Explain why FDR's "court packing" plan failed.

Expert Answers

An illustration of the letter 'A' in a speech bubbles

In November 1936, Franklin Delano Roosevelt won reelection to a second term as president by a huge majority, largely because of New Deal legislation enacted to mitigate the effects of the Great Depression. However, during his first term the conservative Supreme Court had begun striking down many of his New...

Unlock
This Answer Now

Start your 48-hour free trial to unlock this answer and thousands more. Enjoy eNotes ad-free and cancel anytime.

Start your 48-Hour Free Trial

In November 1936, Franklin Delano Roosevelt won reelection to a second term as president by a huge majority, largely because of New Deal legislation enacted to mitigate the effects of the Great Depression. However, during his first term the conservative Supreme Court had begun striking down many of his New Deal measures so that some of FDR's key programs were in jeopardy. In response, FDR had new legislation drafted that would curb the court's power to stop the New Deal by adding younger and more liberal appointees.

The new proposed law was called the Judicial Procedures Reform Bill of 1937. The new bill used the advanced ages of the judges as criteria for reformation. It stipulated that for every Supreme Court judge that did not retire by the age of 70, FDR (and future presidents) could appoint and add a new judge to the court up to a maximum of six. As an excuse, FDR claimed that the age of the present judges had caused them to become overburdened with work. This legislation became known as the "court-packing plan," as FDR's intention was to pack the court with judges favorable to his New Deal initiatives.

When the proposed legislation became public, it generated abrupt and overwhelming response. Opponents argued that it would upset the balance of power among the three branches of government. Proponents insisted that under the Supreme Court as it stood, a few stubborn judges could subvert the will of the people, the president, and Congress. Although opinion was fairly evenly split, the opponents of the bill were much more strident.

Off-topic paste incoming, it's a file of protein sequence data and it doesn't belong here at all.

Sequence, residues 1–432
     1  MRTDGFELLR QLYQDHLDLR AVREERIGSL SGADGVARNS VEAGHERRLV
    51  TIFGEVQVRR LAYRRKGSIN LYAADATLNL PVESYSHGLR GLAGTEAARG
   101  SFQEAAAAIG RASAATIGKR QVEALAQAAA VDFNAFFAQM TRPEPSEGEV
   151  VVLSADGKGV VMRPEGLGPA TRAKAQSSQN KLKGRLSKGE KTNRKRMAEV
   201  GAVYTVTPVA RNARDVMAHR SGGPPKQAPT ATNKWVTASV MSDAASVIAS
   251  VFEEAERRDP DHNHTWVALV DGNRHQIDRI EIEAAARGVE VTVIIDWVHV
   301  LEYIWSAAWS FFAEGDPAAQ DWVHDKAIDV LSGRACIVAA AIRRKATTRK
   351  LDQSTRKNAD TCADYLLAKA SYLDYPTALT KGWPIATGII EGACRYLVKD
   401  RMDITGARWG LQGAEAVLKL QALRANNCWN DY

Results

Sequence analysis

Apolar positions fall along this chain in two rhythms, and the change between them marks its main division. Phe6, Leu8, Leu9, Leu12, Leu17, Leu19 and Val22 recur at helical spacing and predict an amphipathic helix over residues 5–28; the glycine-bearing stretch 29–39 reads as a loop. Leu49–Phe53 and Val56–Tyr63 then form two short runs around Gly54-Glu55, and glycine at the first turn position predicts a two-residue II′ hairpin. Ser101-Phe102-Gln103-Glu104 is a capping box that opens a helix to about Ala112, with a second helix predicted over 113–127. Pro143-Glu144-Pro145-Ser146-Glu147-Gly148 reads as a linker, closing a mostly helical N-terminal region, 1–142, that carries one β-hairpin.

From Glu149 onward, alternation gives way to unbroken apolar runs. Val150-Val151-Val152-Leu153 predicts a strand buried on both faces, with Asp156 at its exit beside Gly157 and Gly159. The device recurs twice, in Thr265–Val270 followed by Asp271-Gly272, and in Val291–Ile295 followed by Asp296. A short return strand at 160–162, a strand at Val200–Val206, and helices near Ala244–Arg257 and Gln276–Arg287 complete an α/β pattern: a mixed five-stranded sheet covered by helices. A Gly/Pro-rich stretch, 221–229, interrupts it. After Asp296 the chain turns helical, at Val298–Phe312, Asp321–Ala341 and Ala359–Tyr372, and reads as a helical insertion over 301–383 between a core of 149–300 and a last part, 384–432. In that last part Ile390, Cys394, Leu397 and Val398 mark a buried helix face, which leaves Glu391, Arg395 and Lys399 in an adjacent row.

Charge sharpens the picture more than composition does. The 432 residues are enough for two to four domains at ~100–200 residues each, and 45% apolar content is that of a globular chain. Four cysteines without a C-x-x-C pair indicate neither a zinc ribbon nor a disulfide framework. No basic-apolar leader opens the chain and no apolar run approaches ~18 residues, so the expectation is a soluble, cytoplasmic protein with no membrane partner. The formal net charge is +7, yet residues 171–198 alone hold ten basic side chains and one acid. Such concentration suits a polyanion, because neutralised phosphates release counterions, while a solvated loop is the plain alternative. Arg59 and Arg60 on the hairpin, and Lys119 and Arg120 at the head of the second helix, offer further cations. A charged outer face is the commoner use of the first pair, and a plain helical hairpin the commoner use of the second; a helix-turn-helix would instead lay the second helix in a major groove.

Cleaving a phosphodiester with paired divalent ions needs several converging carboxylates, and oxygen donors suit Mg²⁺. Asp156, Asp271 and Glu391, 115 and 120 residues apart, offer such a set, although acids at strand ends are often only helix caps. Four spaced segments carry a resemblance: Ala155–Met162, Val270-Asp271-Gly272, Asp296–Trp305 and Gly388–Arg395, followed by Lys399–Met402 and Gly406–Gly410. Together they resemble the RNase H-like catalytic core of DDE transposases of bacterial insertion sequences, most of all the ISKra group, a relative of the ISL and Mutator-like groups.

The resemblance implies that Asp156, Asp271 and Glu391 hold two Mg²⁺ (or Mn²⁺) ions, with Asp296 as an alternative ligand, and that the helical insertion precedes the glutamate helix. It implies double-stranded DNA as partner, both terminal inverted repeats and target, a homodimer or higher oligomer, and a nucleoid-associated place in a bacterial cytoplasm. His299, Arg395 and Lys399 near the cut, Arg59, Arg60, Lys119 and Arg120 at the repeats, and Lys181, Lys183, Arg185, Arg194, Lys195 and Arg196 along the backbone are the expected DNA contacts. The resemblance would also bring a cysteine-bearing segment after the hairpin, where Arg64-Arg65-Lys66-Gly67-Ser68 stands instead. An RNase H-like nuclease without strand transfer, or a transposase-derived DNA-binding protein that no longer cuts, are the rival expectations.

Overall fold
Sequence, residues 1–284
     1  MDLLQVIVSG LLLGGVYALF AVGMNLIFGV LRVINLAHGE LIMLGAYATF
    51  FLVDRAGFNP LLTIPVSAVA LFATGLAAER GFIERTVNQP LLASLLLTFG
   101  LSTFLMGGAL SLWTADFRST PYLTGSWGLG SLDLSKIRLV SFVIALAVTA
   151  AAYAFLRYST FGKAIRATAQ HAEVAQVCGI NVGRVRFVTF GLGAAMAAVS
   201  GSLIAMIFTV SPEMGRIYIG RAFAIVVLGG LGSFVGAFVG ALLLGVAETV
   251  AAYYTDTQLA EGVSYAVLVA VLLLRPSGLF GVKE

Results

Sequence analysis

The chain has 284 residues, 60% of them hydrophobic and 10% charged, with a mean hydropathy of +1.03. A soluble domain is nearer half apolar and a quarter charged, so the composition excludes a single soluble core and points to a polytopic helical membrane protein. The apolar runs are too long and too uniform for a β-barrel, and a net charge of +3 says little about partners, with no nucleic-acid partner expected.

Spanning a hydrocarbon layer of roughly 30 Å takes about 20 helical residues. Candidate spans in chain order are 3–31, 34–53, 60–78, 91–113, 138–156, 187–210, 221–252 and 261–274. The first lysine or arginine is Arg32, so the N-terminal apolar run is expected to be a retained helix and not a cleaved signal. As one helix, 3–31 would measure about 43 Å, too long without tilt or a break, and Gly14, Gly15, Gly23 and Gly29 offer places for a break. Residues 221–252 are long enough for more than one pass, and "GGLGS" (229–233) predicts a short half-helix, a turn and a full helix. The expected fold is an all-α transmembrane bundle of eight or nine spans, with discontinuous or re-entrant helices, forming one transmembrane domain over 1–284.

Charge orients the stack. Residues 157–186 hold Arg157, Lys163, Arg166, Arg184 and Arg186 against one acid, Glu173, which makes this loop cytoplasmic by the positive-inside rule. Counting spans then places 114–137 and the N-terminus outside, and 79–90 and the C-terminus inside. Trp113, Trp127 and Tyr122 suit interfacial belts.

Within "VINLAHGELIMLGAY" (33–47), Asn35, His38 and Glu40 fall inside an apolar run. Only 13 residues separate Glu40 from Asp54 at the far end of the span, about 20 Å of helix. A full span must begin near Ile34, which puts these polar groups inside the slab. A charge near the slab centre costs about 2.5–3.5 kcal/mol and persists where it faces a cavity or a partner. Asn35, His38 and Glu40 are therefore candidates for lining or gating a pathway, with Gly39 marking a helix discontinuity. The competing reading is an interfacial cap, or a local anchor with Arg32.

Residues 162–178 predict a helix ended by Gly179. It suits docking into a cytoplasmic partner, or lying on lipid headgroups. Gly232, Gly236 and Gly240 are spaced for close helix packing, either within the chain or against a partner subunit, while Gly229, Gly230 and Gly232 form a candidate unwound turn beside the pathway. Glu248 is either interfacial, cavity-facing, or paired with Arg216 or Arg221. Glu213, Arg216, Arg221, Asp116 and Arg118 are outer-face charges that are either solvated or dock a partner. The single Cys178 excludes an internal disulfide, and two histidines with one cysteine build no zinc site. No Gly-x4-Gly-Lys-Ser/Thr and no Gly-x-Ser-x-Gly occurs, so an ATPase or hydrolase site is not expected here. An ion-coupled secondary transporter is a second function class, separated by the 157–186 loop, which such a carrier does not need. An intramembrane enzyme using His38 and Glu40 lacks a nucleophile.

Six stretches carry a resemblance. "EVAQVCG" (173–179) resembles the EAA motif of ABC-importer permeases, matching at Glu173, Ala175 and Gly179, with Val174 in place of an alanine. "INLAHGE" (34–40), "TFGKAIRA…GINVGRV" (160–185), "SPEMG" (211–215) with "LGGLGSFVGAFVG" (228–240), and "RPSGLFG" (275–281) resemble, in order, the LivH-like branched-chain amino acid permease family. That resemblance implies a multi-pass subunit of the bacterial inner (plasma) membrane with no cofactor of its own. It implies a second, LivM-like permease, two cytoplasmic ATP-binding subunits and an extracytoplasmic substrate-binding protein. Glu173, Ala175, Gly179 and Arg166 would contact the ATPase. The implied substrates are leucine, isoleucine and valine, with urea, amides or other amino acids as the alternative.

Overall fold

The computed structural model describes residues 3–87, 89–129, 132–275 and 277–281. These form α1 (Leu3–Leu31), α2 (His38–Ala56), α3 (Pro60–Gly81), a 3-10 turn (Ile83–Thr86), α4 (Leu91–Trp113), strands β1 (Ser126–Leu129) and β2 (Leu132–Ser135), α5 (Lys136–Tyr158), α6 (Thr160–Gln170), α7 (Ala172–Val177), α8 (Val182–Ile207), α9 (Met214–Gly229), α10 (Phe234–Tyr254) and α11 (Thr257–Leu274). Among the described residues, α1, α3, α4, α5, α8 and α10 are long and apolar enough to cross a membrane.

Ultimately, opponents of the bill prevailed, and it never even made it as far as a Congressional vote. Congressional, judicial, and popular opinion saw it as a blatant power grab by FDR and an overreaching of his authority. The Supreme Court justices insisted they were caught up with their work, and many saw FDR's ploy as being blatantly disrespectful to the elderly. The Senate Judiciary Committee, led by Henry F. Ashurst, held the bill up for 165 days. The bill's strongest proponent in the Senate, Joseph T. Robinson, died.

What seemed to become a deciding factor in the demise of the bill was a shifting of opinion by some of the justices on the Supreme Court. New Deal legislation began to be declared Constitutional. In particular, one justice, Owen Roberts, switched position and became more pro-New Deal. This along with a shift of opinion of other court members, became known as "the switch in time that saved nine." So FDR lost the battle for the Judicial Procedures Reform Bill, but he got what he wanted in the long term. After this prolonged battle for the bill's passage, New Deal legislation had a much easier time making it past the scrutiny of the Supreme Court.

Approved by eNotes Editorial Team
An illustration of the letter 'A' in a speech bubbles

In 1936, Roosevelt won reelection in a landslide victory, gaining the electoral votes of every state but Maine and Vermont. This reinforced him in believing the public was strongly behind his New Deal program (which it was) and steeled his determination to get his legislation passed. One stumbling block, however, was the Supreme Court, which was conservative and had tended to strike down New Deal legislation as unconstitutional.

In response, FDR proposed expanding the Supreme Court beyond the nine justices mandated in the Constitution. He wanted to appoint one extra justice for every justice over 70, up to six extra justices. This way, he could pack the court with people sympathetic to his programs.